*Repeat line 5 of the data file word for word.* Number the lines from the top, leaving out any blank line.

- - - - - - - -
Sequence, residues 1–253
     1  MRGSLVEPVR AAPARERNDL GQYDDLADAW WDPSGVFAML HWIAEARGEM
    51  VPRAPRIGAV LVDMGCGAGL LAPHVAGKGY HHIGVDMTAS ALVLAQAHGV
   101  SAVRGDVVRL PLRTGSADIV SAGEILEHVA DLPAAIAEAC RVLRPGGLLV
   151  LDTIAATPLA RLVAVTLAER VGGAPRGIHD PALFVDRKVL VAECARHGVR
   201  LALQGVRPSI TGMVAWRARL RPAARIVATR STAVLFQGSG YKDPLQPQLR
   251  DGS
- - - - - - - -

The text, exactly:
   151  LDTIAATPLA RLVAVTLAER VGGAPRGIHD PALFVDRKVL VAECARHGVR